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Arnie Rowland

Discussion of issues related to SQL Server, the MSDN SQL Support Forums, the complex interplay between Developers and SQL Server Administrators, and our sometimes futile attempts to have a 'normal' life.

Current Thoughts on Interviewing and Hiring Conundrums

For many organizations, data is the lifeblood that keeps them in business. If the data becomes imperiled, the very existence of the organization is threatened. The folks entrusted with managing the data are often the most critical to the long term success of the organization. Think about it. Great developers are creative, inventive, solve business problems, and generate new revenue. BUT if the data gets bollixed up, the organization suffers unnecessary expenses, loss of business, loss of confidence, and the risk of failure. Successfully managing the organization's data over time is one of the most critical, and often, underappreciated, operations that just MUST work as expected. There is little room for error -or learning by mistake.

During the past few weeks, I have been in several conversations with hiring managers about how to find 'highly' qualifed candidates for open SQL DBA or SQL Developer positions. These were managers that have, in their opinion, been wasting their time with interviews. In every case, they came with the same question: "How do I cut through the crap and ensure that I'm attracting and interviewing 'real' qualified candidates?"

As we explored the issue, variations of the following were woven in and out of the conversation.

  • "I can't find a candidate that really knows his/her 'stuff'."
  • "I'm wasting my time with 'pretenders'."
  • "I can't seem to attract the level of candidate that would give us a good selection."
  • "I spend time interviewing someone that appears to be just the right person, and he/she is obviously put off by our compensation package."

I usually offer that the current market is highly skewed against the employer -the demand for expert help with SQL Server is so high that highly qualified candidates can be very selective. Many positions are filled through networking and are never publically advertised. Additionally, the highly qualified candidate is most likely employed, very well compensated, and just not actively looking for a new opportunity. At least not at the compensation packages a lot of organizations can afford to offer.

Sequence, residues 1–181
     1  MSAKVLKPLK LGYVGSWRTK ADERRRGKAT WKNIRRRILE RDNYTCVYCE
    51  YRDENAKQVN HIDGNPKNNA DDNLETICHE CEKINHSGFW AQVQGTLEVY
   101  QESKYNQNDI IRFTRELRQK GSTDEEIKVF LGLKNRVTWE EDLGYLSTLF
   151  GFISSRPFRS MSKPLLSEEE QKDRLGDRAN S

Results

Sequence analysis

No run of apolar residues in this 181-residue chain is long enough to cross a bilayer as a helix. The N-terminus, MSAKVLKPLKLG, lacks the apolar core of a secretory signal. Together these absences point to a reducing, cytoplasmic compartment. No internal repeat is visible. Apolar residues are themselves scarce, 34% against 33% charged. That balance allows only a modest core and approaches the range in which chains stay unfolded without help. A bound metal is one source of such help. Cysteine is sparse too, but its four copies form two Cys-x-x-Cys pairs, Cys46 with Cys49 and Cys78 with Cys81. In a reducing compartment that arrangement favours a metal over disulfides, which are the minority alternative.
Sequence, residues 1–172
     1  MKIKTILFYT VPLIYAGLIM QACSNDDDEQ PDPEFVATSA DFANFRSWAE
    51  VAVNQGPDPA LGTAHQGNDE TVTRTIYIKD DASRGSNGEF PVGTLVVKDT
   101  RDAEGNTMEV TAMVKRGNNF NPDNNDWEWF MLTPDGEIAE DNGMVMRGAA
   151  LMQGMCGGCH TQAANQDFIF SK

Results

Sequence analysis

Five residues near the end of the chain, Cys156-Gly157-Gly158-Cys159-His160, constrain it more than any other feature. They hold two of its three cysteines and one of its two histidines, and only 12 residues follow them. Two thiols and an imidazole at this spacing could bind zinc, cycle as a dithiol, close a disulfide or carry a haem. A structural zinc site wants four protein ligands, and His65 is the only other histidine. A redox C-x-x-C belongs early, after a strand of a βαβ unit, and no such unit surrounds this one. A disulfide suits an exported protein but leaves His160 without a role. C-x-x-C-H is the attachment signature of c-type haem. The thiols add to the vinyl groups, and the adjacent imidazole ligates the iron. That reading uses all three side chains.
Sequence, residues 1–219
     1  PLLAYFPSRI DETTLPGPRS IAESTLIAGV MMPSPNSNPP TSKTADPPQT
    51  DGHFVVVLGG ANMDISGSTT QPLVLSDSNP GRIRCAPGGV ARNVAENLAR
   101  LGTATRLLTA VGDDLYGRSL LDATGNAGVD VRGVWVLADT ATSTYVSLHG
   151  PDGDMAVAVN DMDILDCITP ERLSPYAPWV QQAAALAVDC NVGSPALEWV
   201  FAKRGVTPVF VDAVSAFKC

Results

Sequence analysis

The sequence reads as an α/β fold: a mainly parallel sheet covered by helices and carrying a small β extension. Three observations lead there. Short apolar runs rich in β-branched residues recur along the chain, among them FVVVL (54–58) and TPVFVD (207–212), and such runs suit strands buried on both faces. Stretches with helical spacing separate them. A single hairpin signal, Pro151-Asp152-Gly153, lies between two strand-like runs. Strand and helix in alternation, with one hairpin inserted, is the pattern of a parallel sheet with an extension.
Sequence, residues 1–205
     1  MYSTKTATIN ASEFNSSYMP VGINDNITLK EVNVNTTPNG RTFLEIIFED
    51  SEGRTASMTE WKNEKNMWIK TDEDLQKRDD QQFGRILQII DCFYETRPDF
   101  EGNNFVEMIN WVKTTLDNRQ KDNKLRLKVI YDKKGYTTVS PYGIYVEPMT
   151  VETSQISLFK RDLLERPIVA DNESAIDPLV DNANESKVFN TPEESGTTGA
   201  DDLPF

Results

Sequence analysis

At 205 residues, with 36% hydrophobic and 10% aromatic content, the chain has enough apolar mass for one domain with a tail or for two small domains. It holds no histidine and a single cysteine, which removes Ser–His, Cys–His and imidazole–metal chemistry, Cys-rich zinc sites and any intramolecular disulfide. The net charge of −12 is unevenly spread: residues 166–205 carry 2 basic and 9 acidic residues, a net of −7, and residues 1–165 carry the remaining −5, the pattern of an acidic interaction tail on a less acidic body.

So what's a hiring manager to do?

First, engage a SQL Server consultant to conduct a thorough job and task analysis, and research local salary ranges. You should know the bare minimum experience and knowledge that you can accept. It is a very rare organization that needs someone highly experienced with every SQL Server technology. And even in the organizations that do, there are often multiple folks, each with a specialty niche. And stop with the 'kitchen sink' requirements list -it only serves to deter candidates that just may be a good match for your needs.

Once that is complete, you can address the question of what are the primary qualifications to look for in a candidate?

Obviously, the candidate must sync with the base qualifications and experience that was identified (see above.)

But most importantly, you need to know if this candidate gives you have a solid platform to build upon. You want to explore the candidate's investment in self and career.

Questions to ask:

  • Is the candidate invested in self-directed learning activities?
  • Does the candidate participate in the local user group opportunities in order to learn from others?
  • Do the candidate participate in other technology community learning events, such as: Code Camps, SQLSaturdays, professional conferences?
  • What was the last class or conference the candidate paid out of pocket to attend?
  • Does the candidate freely share knowledge with others? How?
  • Is this candidate someone that can, and does, ask for help?